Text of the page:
Write down every subject you are studying and, for each subject, the different exams. Each type of exam will require a different form of revision, so while it may be great to schedule “German” as a whole, in fact “German Speaking” and “German Reading” require very different skills and so need to be scheduled differently.

  1. What topics are in each subject?

This part of the planning can take the longest. You need to go through every subject, either from the exam board websites or by talking to your teacher, and get the specification for each topic. The way you approach this differs for each subject. (There will be a post on specifications in general at a later date.)

For example, I did GCSE Edexcel triple science. In each science, there were three levels. Each level had different modules and each module would have a list of specifications.

Print this list of specifications. If you don’t have one, create your own list of topics, which will be on the exam – even if you think you could recite the topic, still write it down.

Now that you have all the aspects necessary to create your timetable, print off a calendar (or draw one by hand). I like to do monthly calendars.

Write down all the exams and mock exams you have to revise for.

Many teachers say that you should timetable your revision hour by hour, or in 50 minute sessions. I have never found this achievable. Instead, I find it better plan what I will do day by day. Then I can decide on the day, when I want to do the revision.

Write in the topics you are going to revise each day. You can either do one subject per day and several topics from that subject, or you can mix the subjects up. This depends on personal preference.

It can be tricky as you will have a lot of different topics and it will seem very difficult to cram everything into the timetable. You must count the number of topics you have and then schedule them. It involves a lot of juggling and thinking how you will spread everything out and achieve everything, but it is possible.

Be realistic with what you plan on revising everyday. It may be tempting to just write ‘biology’ and think in one day you can revise everything biology-related, however this is simply not the case. You will maybe do one module, or even half a module. You should also write down the type of revision you will be doing for that module. For example, “Core Biology Topic 1 Notes Booklet”.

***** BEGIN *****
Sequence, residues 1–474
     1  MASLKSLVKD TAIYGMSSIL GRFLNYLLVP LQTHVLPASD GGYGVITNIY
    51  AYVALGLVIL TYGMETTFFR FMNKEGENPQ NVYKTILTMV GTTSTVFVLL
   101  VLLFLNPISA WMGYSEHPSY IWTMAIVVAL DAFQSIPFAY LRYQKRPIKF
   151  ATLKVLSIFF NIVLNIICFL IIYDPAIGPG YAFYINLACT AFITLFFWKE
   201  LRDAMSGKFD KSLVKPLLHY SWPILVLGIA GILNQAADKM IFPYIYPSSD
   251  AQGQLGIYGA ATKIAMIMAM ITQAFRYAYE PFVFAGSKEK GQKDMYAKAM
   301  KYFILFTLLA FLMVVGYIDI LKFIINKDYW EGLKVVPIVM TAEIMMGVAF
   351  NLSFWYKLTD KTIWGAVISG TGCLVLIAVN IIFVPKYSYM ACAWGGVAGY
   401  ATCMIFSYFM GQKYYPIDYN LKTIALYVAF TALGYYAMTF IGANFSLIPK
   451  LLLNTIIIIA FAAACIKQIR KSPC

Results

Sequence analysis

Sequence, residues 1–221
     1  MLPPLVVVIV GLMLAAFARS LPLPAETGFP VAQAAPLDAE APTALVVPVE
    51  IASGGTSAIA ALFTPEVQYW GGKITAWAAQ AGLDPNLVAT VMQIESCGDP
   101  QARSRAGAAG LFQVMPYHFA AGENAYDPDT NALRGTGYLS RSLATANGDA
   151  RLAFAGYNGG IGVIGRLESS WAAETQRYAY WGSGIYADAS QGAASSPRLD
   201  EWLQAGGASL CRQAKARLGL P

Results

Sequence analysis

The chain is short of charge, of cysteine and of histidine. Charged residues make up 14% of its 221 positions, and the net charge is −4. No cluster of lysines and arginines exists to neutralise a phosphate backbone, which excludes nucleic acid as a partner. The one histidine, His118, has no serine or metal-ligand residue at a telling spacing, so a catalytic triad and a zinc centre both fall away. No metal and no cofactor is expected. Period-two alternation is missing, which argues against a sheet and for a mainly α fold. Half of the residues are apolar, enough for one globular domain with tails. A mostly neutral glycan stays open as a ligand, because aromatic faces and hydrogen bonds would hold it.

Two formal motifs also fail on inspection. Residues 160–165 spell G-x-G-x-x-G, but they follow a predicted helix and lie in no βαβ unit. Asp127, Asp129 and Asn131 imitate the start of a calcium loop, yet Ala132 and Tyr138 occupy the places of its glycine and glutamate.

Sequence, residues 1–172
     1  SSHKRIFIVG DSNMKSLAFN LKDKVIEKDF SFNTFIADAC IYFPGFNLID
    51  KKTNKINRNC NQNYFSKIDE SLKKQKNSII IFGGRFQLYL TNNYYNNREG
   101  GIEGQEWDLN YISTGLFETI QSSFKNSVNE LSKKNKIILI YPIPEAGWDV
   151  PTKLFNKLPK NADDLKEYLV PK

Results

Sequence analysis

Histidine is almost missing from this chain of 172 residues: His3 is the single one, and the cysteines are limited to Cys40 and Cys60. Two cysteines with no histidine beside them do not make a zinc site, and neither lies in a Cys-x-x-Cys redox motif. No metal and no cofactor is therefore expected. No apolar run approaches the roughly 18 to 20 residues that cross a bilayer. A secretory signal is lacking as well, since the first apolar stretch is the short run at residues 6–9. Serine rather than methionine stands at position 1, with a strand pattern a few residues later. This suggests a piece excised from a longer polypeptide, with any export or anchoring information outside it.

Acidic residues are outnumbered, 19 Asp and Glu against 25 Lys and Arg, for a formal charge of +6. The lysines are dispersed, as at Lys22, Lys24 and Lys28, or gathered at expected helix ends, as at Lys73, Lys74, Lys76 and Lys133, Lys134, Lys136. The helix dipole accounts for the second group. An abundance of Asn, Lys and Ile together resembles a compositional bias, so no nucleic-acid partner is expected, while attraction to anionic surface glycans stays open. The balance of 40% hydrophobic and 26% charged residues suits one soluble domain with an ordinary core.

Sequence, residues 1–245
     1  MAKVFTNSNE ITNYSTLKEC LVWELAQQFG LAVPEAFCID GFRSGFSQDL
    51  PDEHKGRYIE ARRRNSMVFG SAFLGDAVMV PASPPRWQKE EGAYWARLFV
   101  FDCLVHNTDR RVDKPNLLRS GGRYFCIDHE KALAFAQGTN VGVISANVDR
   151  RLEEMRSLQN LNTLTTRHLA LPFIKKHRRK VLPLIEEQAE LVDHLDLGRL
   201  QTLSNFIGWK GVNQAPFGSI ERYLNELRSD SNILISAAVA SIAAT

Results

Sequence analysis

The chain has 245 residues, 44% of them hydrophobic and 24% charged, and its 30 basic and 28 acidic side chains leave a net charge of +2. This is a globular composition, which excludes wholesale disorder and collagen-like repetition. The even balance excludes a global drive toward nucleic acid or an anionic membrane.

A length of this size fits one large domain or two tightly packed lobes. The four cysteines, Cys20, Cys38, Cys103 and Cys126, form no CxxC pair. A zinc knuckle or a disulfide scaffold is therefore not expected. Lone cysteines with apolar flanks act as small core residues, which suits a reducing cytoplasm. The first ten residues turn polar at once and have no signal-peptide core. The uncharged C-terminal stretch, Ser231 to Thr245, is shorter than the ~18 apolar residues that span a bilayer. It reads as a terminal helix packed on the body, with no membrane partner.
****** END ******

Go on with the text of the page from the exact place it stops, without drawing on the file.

I normally try to include “catch-up” days for revision periods during holidays. While I try to be realistic with my revision, I always fall behind. This means that a catch-up day allows me to do what I didn’t achieve the other days without getting even further behind.

If you get to a day and you think your revision is too far behind to catch-up, then re-plan. Go back to the start and make a new timetable. You shouldn’t do this too often because otherwise you will just let everything pile up and the new timetable will be a week before the exam with 50 topics to revise. But, don’t let yourself get 3 weeks behind schedule and continue following the original plan – it’s obviously not working.

Below are my GCSE exam timetables, so that you can see how I planned everything.

April GCSE Revision Timetable
These are my actual GCSE timetables, when I needed to schedule revision for 13 exams. The green shaded boxes show school holidays or weekends during school time, whereas the pink show days during study leave.

May GCSE Revision TimetableJune GCSE Revision Timetable

Making a timetable can take a lot of time and it can be quite complicated to explain, so I hope everything is clear, but feel free to comment any questions below if you’re not sure.

Also look out for my similar posts on how to use specifications.